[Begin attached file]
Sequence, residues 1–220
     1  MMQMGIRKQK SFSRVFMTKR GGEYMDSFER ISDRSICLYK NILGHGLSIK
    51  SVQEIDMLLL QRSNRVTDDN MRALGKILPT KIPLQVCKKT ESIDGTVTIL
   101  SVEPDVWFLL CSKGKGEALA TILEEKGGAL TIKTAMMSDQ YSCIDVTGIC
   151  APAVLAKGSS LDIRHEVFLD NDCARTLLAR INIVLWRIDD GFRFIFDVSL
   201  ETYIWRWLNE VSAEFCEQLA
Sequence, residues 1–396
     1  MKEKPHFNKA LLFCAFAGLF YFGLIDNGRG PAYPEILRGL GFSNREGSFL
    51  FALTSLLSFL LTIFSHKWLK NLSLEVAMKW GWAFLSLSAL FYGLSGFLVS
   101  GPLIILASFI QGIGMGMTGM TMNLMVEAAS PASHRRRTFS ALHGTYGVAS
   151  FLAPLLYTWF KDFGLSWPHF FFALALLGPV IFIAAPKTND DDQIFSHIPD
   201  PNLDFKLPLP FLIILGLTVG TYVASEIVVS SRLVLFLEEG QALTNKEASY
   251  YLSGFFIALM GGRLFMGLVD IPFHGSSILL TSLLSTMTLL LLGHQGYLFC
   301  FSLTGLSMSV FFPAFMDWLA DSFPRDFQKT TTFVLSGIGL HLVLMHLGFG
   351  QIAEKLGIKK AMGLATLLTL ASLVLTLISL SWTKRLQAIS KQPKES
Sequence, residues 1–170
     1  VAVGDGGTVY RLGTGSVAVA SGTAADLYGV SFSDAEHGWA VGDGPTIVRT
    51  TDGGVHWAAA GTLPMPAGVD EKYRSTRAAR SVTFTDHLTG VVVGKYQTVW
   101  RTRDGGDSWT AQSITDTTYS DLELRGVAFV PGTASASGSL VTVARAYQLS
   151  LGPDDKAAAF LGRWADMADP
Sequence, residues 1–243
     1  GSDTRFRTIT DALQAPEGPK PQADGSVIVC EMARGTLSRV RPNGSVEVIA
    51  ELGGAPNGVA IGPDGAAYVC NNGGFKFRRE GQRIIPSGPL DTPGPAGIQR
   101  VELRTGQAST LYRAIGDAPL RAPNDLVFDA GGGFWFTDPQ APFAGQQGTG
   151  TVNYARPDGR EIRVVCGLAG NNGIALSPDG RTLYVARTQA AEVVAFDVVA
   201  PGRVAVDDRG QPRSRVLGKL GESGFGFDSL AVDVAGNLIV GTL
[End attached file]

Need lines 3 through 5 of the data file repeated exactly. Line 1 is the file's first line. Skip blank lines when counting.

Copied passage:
    51  SVQEIDMLLL QRSNRVTDDN MRALGKILPT KIPLQVCKKT ESIDGTVTIL
   101  SVEPDVWFLL CSKGKGEALA TILEEKGGAL TIKTAMMSDQ YSCIDVTGIC
   151  APAVLAKGSS LDIRHEVFLD NDCARTLLAR INIVLWRIDD GFRFIFDVSL